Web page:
Saturday, September 23, 2006

The Coup: Everybody saw it coming

I assume that by now everybody knows that a coup had happened in Bangkok and because we are living far away from the capital we really didn’t feel the tension or the joy of it. As I watched the TV and observed the community there was no fear at all. The atmosphere was relax and jovial, as if the people were actually celebrating. My knowledge of Thai politics is very limited.

Here in the north, it is very well known that the deposed Prime Minister had helped many poor people and he has some kind of following here. But the people decided to stay quiet. However, I believe the Thai people expected the coup. They actually anticipate its coming. Perhaps the question they ask is: why it took this long?

I found a comment in a blog that I want to quote in here in relation to the Philippine situation. The commentator have a good insight about the situation:

Apparently there are more twists and turns, plots and subplots in this Thai episode than one could imagine. The Nation story portrays Sonthi as the apparent hero in this evolving saga. Reading the story I’m amazed at what kind of fly (or flies)-on-the-wall om both sides of the globe the paper must have to piece together this fascinating blow-by-blow insider account of what really happened in the last few days. I’m also a bit surprised at the certainty of the poll results just two days after the coup. I don’t know, maybe this story is just too “convenient” as “torn” says and maybe too flattering to the general as well.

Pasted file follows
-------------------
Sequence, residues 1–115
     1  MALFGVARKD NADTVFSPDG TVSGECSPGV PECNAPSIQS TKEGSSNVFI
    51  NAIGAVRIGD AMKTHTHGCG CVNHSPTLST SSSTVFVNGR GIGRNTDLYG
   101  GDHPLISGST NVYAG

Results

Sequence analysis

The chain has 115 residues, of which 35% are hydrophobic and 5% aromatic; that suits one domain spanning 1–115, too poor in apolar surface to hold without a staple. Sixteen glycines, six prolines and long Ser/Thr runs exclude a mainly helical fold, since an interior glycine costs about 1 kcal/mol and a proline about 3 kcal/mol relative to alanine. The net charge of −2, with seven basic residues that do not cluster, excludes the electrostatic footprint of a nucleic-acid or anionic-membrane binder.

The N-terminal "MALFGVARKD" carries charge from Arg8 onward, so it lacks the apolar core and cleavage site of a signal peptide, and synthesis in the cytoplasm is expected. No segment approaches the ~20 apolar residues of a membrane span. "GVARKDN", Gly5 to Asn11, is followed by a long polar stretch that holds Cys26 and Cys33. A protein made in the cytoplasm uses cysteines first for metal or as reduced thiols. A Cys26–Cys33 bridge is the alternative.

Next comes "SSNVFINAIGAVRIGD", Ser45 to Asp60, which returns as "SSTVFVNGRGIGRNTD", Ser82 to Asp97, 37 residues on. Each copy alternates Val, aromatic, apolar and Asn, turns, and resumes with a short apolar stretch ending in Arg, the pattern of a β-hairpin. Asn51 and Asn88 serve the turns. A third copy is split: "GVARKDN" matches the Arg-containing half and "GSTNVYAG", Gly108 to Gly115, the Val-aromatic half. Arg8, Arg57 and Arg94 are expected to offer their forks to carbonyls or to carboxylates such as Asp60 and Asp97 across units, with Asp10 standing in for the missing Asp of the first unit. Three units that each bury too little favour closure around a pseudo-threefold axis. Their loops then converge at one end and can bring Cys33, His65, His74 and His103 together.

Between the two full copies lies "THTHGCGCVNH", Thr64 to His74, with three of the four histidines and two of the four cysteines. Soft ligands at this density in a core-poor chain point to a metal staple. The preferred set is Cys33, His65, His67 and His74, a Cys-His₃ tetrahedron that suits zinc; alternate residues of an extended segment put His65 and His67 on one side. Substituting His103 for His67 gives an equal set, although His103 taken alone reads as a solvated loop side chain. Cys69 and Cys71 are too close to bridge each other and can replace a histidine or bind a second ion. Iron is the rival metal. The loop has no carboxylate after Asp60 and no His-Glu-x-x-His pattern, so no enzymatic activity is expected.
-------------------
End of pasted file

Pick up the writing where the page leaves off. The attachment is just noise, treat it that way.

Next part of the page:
I’m more inclined to look at this upheaval as a good, old-fashioned power play. On the surface everyone roots for democracy, but the reality is more like advancing one’s interests and reinterpreting democracy to suit one’s interests and beliefs. Isn’t that what the real practice of democracy anyway?

Shawn Crispin posted this report yesterday in Asia Times which drags King Bhumibol more into this mess. I find it understandable for his majesty to be concerned at Thai Rak Thai’s influence over the rural poor, an influence that the party is gradually trying to make less dependent on support for the monarchy. Since Thaksin’s considerable political power doesn’t emanate from the Bangkok elite and educated class, but from the rural peasantry (that accounts for 80% of the votes), he pushed more for an economy-led government and grassroots mobilization and at least paid a lot of lip-service to championing the poor especially against Bangkok’s middle class. These clashed with the status quo and may have been perceived to udermine the monarchy’s sway over the poor-if the poor becomes more well-off then the king’s influence might fade.

The parallels with the Philippines of course are thick. In the Philippines there is no monarchy, but there is the Church, which just like the Thai king exerts moral authority and powerful influence over the poor.

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